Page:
High school sports and activities were greatly affected by the COVID-19 pandemic, as the Utah High School Activities Association was forced to cancel the spring sports season and the upcoming fall sports season was put into limbo.
However, as the state of Utah begins to reopen, so, too, have practices and games.
Over the past couple weeks, the Tooele County School District gave the go-ahead for teams to resume offseason conditioning sessions. Summer baseball games got under way on Monday, the same day football teams were allowed to begin practicing and working out on school grounds for the first time since mid-March.
“As good as it feels for me, I think it feels even better for the kids,” Stansbury coach Eric Alder said. “The kids admitted it — they missed school. They missed the peer interaction every day. They missed working out together, having a team and team goals. I can sense a renewed sense of energy and gratitude. For the better part of those two months, I don’t think anybody knew if we were going to have a season or if we were going to be in school. It was scary for everyone. It was depressing and unnerving. The uncertainty of this whole situation is not something humans are used to dealing with, not knowing what lies ahead.
“I know sports isn’t everything in life, but it’s a huge part of these young people’s development, a huge part of their relationships and their friendships. These are the formative years in a high school kid’s life, and to see that taken away from them for two months was painful.”
There are safety protocols in place that the teams are following in order to get back to practice. Each student-athlete must fill out a brief health questionnaire and have their temperature taken each day before they can start working out. Alder said Stansbury’s football team has its 130-player roster split into three groups of no more than 50 each, splitting time between the weight room and the field. Tooele and Grantsville have moved their strength training outside.
“We’re doing an all-body workout — medicine balls, sledgehammers, tire flips — kind of the old-school way,” Tooele coach Andru Jones said. “There’s some guidelines and regulations in the weight room and we can’t fit all our kids in the weight room, and it’s a safety issue – kids can’t have a spotter because you have to stay six feet away.”
Grantsville coach Kody Byrd said his players are excited to be together again, to the point that they sometimes have to be reminded to maintain social distancing.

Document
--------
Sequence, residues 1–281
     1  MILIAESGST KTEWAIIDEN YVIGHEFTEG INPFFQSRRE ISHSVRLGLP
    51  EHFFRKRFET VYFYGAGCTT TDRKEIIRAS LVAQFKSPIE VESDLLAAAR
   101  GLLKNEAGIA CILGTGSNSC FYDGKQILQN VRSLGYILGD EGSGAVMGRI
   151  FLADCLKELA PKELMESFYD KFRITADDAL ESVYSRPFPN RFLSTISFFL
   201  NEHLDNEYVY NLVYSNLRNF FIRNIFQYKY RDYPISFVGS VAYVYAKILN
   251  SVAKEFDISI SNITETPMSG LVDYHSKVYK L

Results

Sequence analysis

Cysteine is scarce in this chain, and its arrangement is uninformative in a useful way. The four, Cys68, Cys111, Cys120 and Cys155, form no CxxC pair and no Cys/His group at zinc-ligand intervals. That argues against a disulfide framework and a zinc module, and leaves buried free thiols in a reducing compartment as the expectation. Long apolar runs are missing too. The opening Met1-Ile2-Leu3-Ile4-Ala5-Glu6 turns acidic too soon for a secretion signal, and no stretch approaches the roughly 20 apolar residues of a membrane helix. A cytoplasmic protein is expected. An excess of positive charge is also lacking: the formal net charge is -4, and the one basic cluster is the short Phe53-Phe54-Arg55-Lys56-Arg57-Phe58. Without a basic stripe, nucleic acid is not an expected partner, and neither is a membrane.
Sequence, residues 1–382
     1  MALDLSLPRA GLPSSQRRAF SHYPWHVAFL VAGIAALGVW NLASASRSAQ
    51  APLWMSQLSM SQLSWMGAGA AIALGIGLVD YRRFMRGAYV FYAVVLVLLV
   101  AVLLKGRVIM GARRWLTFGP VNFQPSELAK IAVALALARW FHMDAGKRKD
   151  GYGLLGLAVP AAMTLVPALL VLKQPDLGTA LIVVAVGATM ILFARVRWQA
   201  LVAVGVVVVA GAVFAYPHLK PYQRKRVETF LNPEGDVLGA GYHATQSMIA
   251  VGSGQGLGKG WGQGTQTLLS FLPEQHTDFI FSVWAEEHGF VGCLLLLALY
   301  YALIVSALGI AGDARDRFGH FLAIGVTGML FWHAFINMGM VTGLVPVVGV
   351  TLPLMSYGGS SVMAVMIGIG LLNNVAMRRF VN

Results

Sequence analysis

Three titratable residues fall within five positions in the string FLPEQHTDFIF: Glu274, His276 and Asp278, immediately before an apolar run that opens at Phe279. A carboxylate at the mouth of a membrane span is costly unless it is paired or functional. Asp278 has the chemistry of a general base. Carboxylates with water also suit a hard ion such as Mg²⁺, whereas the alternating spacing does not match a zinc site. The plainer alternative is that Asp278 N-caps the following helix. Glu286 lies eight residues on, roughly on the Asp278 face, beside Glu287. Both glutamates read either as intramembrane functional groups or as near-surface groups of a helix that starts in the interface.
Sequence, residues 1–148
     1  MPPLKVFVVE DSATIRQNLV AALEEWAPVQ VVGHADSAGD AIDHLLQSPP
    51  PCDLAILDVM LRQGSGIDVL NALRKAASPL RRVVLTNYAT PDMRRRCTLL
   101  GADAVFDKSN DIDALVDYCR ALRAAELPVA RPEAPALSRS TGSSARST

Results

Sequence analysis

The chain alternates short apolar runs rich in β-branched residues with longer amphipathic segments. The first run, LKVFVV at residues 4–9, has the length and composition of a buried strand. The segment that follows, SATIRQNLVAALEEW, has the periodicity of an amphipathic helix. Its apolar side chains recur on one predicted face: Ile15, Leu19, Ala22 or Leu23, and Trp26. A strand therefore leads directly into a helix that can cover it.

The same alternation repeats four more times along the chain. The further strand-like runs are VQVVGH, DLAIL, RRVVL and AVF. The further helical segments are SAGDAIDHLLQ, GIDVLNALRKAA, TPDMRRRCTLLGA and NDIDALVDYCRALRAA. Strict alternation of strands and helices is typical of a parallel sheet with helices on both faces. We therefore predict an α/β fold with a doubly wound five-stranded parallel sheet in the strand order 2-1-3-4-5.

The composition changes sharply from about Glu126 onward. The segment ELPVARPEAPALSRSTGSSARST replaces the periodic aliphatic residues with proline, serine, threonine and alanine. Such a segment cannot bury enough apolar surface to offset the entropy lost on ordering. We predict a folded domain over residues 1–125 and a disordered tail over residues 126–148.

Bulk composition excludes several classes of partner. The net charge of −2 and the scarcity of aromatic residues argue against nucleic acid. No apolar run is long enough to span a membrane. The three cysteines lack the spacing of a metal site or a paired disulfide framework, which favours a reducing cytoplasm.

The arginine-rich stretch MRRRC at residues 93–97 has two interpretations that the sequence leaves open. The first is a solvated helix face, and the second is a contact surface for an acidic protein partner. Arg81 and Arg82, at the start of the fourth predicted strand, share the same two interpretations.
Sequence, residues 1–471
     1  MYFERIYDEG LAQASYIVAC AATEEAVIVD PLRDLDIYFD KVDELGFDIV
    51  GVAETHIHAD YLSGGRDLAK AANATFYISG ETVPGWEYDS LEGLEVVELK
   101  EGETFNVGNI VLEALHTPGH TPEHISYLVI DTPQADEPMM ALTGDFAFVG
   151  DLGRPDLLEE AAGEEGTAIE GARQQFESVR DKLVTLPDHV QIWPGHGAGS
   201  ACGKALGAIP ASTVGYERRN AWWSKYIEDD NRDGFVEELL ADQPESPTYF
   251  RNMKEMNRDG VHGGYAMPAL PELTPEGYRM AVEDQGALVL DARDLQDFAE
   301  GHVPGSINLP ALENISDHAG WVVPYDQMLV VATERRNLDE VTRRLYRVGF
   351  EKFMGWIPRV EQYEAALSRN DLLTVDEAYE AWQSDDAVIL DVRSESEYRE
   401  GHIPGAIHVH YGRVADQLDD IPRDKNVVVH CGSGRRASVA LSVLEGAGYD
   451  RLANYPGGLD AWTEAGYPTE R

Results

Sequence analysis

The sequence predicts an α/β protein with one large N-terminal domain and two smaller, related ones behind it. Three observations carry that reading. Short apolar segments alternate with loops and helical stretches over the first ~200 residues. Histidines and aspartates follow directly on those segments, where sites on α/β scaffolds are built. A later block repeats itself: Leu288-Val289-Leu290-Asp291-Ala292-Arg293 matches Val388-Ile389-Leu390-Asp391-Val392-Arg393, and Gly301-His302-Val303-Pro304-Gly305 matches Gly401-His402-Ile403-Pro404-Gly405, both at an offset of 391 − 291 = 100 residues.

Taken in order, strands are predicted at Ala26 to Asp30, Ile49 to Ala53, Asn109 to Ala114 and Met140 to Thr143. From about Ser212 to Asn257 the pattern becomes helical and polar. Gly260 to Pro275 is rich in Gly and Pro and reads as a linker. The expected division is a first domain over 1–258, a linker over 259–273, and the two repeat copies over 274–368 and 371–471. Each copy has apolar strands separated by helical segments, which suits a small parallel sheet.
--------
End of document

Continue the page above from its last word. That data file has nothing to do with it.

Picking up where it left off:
“It’s hard to keep them apart and spaced like they’re supposed to, especially when they haven’t really been able to hang out and see each other,” Byrd said. “We approached it with, ‘we’re going to jump through whatever hoops we have to to ensure and increase the likelihood that we’ll have a season.’”
The loss of two-plus months of weight training and film sessions has and an effect on players, though things were made easier through online videoconferencing.
“Our district allowed us to do Zoom meetings,” Jones said. “We could show them video of what a good technique looks like and things like that. That was a blessing for us. Our varsity guys were able to remember our things, and now it’s just getting on the field to perform those.”
Byrd said his players received workout plans via email, and their teammates helped encourage them to stay in shape.
“It seems like they took that to heart and worked out on their own quite a bit,” he said. “This group of seniors stepped up really well and have taken some leadership roles to make sure kids are working out.”
There is still a level of uncertainty surrounding the upcoming season, which is scheduled to kick off Aug. 14. The UHSAA said the season will likely proceed as scheduled, as long as all counties in the state are in the low-risk (yellow) phase. As of Thursday morning, Salt Lake City and the San Juan County communities of Bluff and Mexican Hat remained in the moderate-risk (orange) phase. The protocol that would go into effect should a student-athlete test positive for COVID-19 during the season is among the questions yet to be answered.
“I’m sure they’re going to come out with guidelines and say, ‘here’s what happens — here’s what you need to do if someone tests positive for this virus,’” Alder said. “Will they shut us down? Will one kid getting the virus affect 100 other kids that are completely healthy and ready to play, or can we come up with a way where we isolate the individual and be able to safely proceed?”
It has also not been determined whether spectators will be allowed to attend games this fall, though there is some optimism.
“It would be nice to have a home opener (Aug. 14) and have fans cheer for us,” Jones said. “At the end of the day, if we can just play the game, it would be great for the mental well-being of our kids.
“Some people will say, ‘is it really worth doing all this to play?’ It is. To see a kid smile and get to throw a football is priceless. To me, it is worth it. The guidelines are going to help save kids and save people (in general).”